The moment you give Maharishi University of Management (MUM) and the TM movement at large a chance to shine, they still fail. My private three year — and continued — study of the Vedas includes a focus on ancient Brahmi scripts such as Cuneiform, Gupta script, and Devanagari. For those not aware, the Sanskrit language is manifest in an assortment of scripts much like how we can switch the font of a document in word processing software. The Gupta script was particularly inspirational because this era harbored a focus on the transcription of a large body of knowledge from the ancient oral / written traditions, which became later manifest in the Devanagari we read today.
There are numerous other scripts I find not only intriguing, but cosmetically appealing — Javanese for example. I was also fortunate to glean the gem of knowledge bestowed by faculty of the Maharishi University of Management (MUM) library, a script known as Grantha — kudos. But it was the Devanagari which ultimately became my focus in both writing and reading a few years prior to my discovery of Maharishi University of Management.
On numerous occasions I was surprised by the professor’s inability — or perhaps refusal — to provide concise feedback to my Sanskrit or Devanagari queries. Below, I outline the wholeness of these experiences in greater depth.
One lecture turned toward Maharishi’s discourse of the Rig Veda’s instantiation, the first sounds unfolding with the words “agním īḷe puróhitaṃ …” — which was quite familiar. But in numerous cases I found professors claiming the first sound as the “a” in the word “father” rather than the “a” in the word “America.”
While the lesson is potentially enlightening, I could understand why conflicts in pronunciation might arise as I reflect on the youtube video from the Maharishi Channel in which Maharishi himself seems to mispronounce the sound in essentially the same lesson “The value of reading Vedic Literature in Sanskrit” 00:03:27 of the 16 minute video.
As the lecture developed, the professor wrote a “ga” on the board (ग), and turned to the class proclaiming it to be a “na”, when in fact “na” would be (न) in the dental — and ironically translates to English as “no”.
I didn’t want to correct the professor as it may undermine the credibility of the lesson that was unfolding, but since it was such a fundamental error I notified the professor that they had in fact scribed a “ga.” Simple error though, surely the result of having lapsed in their Devanagari study, and upon my citation — and a slight delay — they made the necessary correction.
Unfortunately, the lesson continued with further error as the professor adorned the now correct dental “na” (न) with a diacritic to form “ne” (ने) — pronounced as the English word “nay.” Unfortunately, the professor turned to the class to tell us it was a “ni” — pronounced like the English word “knee” — which was wrong on both counts of script and pronunciation.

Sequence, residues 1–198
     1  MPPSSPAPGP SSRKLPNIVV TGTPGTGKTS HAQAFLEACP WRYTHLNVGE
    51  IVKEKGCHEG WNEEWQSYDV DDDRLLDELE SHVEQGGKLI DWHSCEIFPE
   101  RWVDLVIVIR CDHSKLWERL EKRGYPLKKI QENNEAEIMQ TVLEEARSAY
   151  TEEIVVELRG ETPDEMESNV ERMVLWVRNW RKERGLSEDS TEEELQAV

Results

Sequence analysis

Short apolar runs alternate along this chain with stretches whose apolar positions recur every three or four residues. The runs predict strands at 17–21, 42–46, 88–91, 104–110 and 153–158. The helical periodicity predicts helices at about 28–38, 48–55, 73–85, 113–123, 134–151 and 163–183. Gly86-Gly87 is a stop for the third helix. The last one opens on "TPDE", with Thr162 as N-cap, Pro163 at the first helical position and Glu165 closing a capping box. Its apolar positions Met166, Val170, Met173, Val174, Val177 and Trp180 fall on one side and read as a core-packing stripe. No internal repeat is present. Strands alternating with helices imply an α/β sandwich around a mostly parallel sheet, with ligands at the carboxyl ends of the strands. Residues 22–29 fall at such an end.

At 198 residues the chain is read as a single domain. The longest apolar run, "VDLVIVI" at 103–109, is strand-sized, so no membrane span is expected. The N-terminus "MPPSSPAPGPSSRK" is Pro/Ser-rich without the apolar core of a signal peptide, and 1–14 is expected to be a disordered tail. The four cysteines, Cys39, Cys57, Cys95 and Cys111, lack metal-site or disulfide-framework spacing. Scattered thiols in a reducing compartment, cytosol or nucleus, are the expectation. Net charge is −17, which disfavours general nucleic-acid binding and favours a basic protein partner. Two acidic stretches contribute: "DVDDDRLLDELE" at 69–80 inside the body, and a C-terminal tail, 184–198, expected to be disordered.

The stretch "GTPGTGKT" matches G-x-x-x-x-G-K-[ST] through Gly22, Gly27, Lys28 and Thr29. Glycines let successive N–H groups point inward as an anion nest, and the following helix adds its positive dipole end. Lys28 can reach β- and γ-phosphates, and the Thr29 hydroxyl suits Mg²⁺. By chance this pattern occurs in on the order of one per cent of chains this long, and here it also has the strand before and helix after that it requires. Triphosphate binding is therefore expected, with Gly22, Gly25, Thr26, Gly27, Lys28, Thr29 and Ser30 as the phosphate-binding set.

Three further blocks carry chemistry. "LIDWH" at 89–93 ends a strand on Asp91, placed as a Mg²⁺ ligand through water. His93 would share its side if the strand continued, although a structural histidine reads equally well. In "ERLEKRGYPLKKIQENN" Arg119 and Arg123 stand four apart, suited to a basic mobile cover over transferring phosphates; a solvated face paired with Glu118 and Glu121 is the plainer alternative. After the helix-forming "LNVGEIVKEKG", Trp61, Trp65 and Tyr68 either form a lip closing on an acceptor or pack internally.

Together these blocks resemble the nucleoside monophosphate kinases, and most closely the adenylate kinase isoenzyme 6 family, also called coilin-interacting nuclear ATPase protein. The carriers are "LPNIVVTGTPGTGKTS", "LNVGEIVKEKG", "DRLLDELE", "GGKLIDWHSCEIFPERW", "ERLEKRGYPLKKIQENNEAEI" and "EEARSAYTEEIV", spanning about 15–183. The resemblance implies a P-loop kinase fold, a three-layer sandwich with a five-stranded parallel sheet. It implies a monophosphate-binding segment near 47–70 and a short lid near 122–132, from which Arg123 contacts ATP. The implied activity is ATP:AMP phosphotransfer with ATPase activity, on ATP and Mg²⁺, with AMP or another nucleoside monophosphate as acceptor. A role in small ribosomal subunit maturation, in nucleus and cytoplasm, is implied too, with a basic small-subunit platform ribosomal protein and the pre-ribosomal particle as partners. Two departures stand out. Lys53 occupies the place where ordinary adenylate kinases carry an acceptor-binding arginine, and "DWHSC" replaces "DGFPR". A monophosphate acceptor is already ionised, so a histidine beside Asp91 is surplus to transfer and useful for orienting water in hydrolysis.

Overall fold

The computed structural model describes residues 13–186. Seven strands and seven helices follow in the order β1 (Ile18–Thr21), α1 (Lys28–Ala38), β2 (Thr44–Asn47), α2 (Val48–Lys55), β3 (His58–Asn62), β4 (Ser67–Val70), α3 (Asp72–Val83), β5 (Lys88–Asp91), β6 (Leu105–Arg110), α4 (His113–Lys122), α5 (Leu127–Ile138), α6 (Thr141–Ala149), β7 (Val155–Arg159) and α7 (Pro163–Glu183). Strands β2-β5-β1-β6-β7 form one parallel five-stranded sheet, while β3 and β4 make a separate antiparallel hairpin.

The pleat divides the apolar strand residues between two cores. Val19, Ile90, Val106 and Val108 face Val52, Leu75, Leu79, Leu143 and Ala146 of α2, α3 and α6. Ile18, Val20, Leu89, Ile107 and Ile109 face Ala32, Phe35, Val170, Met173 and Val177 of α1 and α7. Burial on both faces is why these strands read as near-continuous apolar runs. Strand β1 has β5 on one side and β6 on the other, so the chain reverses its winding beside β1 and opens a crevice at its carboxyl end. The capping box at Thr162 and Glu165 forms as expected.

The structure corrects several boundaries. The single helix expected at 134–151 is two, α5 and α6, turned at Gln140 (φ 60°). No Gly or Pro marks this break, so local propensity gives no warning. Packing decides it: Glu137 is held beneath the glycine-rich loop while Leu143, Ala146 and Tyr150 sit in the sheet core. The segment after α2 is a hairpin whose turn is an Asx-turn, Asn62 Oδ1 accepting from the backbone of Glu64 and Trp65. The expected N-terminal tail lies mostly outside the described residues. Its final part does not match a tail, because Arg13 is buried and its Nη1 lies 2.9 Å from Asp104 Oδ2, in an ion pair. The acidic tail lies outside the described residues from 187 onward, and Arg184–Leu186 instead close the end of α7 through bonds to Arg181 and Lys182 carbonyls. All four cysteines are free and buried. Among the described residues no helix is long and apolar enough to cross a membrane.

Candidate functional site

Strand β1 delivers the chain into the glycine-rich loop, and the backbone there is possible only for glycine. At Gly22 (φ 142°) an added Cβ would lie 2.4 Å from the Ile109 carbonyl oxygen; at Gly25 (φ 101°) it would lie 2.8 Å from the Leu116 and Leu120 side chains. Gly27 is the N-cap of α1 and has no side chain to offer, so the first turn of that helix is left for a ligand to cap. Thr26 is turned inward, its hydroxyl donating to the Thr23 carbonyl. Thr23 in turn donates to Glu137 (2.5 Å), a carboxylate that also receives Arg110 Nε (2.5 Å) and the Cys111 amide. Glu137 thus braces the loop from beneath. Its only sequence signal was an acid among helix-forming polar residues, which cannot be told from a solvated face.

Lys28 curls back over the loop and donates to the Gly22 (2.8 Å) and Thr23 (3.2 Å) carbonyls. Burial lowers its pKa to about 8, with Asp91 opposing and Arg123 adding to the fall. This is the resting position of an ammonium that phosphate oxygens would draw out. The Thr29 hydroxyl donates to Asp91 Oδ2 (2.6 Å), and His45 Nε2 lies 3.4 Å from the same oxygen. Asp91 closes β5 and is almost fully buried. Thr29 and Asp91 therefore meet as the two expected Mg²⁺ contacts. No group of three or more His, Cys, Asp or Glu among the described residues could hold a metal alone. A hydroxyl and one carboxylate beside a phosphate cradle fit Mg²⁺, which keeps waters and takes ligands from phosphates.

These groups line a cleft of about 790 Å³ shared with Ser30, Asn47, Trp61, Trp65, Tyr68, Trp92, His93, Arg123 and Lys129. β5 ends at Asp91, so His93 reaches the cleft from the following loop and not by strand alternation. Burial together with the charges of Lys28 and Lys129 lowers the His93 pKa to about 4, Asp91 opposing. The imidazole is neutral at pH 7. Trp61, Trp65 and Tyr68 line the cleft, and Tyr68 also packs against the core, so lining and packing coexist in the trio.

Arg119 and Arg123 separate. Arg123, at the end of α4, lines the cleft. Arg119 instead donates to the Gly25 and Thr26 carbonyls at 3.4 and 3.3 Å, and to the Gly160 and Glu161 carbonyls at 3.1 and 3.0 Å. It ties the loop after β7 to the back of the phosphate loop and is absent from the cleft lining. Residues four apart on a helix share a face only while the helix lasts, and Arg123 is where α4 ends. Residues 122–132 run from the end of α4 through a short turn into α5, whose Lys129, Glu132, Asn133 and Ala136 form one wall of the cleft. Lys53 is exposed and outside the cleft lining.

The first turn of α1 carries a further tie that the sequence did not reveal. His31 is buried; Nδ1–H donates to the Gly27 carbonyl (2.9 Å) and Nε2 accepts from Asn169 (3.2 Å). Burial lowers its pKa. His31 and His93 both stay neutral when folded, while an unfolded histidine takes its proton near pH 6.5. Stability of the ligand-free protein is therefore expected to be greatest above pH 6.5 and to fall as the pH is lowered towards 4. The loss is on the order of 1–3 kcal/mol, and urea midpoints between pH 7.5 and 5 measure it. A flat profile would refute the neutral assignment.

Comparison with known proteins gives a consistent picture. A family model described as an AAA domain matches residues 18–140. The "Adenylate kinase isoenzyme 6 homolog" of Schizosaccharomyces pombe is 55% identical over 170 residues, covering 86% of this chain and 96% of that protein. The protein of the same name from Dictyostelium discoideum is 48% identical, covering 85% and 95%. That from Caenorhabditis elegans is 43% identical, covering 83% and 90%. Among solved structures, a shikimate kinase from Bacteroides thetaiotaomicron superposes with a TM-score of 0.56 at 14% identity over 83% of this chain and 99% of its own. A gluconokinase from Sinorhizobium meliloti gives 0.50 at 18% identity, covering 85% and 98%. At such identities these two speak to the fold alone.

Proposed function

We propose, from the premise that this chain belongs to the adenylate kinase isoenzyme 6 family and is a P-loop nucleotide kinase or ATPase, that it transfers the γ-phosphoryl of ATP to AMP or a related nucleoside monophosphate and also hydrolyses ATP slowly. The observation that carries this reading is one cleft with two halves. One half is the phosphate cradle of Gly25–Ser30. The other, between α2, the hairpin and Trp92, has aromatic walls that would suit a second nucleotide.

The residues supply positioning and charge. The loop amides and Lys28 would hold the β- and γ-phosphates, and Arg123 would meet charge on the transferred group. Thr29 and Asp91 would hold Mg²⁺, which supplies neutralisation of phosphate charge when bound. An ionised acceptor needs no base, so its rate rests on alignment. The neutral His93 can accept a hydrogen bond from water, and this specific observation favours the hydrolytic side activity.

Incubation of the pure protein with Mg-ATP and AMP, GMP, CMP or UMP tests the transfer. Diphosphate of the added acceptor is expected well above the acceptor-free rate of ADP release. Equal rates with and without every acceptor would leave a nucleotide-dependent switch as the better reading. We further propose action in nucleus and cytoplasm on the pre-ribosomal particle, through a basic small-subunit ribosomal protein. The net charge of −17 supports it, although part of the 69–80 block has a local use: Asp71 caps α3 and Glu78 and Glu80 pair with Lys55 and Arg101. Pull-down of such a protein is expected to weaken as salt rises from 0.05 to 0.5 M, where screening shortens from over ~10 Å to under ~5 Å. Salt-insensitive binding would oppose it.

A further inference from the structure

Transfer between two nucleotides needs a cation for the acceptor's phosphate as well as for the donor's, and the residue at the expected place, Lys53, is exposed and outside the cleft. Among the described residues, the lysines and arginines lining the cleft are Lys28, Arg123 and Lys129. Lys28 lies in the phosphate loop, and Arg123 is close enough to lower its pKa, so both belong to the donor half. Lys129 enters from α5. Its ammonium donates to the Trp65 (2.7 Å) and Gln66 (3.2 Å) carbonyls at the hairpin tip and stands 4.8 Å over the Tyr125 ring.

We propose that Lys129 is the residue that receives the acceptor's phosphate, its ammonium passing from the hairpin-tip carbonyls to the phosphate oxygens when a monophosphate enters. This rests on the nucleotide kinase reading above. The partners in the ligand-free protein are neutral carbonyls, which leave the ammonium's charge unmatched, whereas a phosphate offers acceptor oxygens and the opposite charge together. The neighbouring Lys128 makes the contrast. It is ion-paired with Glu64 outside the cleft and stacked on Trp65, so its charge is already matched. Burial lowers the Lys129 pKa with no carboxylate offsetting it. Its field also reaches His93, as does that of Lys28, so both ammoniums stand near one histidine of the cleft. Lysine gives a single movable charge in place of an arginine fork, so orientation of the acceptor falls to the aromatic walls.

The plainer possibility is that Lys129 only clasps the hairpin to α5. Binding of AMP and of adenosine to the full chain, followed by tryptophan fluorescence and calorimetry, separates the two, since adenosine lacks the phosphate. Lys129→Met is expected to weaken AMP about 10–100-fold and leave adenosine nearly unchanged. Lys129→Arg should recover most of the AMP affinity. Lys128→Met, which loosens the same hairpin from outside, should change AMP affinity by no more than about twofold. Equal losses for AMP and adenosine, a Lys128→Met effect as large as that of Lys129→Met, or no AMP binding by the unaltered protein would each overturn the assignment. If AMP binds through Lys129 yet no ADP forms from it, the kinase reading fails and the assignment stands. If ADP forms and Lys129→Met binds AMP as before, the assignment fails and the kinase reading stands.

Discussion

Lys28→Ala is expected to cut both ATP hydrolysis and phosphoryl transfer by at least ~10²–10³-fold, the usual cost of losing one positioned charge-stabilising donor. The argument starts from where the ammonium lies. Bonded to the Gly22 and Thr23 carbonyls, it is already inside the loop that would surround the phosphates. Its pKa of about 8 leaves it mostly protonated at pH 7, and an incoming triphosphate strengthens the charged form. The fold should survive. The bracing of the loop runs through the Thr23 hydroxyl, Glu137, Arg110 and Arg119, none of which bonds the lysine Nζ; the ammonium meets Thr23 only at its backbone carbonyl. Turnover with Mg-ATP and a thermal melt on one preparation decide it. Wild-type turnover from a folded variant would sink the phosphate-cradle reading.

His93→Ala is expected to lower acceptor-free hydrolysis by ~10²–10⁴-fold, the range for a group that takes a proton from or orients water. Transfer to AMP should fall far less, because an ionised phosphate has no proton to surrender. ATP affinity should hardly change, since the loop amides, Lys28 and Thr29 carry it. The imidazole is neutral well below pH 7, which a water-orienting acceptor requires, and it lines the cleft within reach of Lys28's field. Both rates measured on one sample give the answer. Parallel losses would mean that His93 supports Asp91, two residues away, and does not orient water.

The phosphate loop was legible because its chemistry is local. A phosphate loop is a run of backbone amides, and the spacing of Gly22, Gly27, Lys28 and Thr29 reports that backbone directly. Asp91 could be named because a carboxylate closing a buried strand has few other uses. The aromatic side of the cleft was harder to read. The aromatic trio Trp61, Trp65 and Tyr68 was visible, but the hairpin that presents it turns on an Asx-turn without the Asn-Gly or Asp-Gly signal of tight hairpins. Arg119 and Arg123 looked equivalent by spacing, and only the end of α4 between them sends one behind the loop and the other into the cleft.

With continued irony, I supplied a clue to the professor saying “That would be a neigh.” Again, I understand how the script can escape the mind when not in frequent use, but I was uncertain why there wasn’t a bit more provisioning. Slowly but surely, the professor bent the diacritic down further, glancing at me for approval. It was close, but I added “You need to add a line.” Finally it resulted in a (नि)rather than the desired “knee” sound (नी)… but I let it slide so as to not undermine the credibility of the lesson at large — nor the professor. I felt as though I personally lost some measure of credibility by not insisting on the correct नी.
Other lectures included the popular “Yatha pinde tatha brahmande”, cited from the Upa Veda. But when I’d inquire on details of the specific location, there was never a response. The lack of response is likely a positive thing I suppose, this entry epic enough as is.
The point of the matter is that Maharishi University of Management (MUM) isn’t necessarily as knowledgeable on Sanskrit and the Veda as one might expect, though there are a few key scholars who do in fact possess a deep and coherent understanding of the knowledge. Erroneously, I was under the impression that all my professors would have a mastery of fundamental Vedic knowledge in the script and pronunciation at least, as they boast of “reading Sanskrit literature for sound value.”
Below, a collection of some of my Devanagari practice. I have a long way to go, and so much to learn. While I’m still not satisfied with my fluency in reading and writing sanskrit in the Devanagari, it continues to be a deeply rewarding form of meditation and enlightenment for me.